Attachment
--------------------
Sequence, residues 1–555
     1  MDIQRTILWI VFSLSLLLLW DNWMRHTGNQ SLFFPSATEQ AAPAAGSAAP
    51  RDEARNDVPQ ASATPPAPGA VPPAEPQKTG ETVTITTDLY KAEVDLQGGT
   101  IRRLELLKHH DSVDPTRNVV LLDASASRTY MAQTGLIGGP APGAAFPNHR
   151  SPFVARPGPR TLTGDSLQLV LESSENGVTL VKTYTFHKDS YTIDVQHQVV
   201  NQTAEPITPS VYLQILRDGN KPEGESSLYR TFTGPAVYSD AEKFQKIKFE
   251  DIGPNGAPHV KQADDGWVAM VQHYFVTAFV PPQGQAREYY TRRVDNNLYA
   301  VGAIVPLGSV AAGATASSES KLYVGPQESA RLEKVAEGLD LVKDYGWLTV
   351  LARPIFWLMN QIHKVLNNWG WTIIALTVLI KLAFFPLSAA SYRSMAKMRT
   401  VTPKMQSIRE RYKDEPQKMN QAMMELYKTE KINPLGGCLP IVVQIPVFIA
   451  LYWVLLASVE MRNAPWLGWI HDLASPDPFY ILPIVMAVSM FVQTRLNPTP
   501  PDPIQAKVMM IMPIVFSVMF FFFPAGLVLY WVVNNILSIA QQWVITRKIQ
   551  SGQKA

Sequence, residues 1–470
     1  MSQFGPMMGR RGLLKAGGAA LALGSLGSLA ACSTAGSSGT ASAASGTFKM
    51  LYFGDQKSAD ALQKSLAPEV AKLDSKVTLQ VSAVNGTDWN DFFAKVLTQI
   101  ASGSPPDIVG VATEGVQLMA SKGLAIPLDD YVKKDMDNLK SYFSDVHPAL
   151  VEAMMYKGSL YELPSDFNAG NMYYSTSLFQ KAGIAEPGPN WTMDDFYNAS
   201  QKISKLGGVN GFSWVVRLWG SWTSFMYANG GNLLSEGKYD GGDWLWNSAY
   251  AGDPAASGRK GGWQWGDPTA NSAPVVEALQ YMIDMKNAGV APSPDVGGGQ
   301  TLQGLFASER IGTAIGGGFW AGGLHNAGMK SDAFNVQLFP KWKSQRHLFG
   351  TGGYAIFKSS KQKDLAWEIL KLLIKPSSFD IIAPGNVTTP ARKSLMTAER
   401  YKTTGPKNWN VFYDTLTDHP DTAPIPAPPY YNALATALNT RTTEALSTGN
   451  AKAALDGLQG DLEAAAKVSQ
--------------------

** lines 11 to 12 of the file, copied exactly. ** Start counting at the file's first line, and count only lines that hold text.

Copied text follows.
   451  LYWVLLASVE MRNAPWLGWI HDLASPDPFY ILPIVMAVSM FVQTRLNPTP
   501  PDPIQAKVMM IMPIVFSVMF FFFPAGLVLY WVVNNILSIA QQWVITRKIQ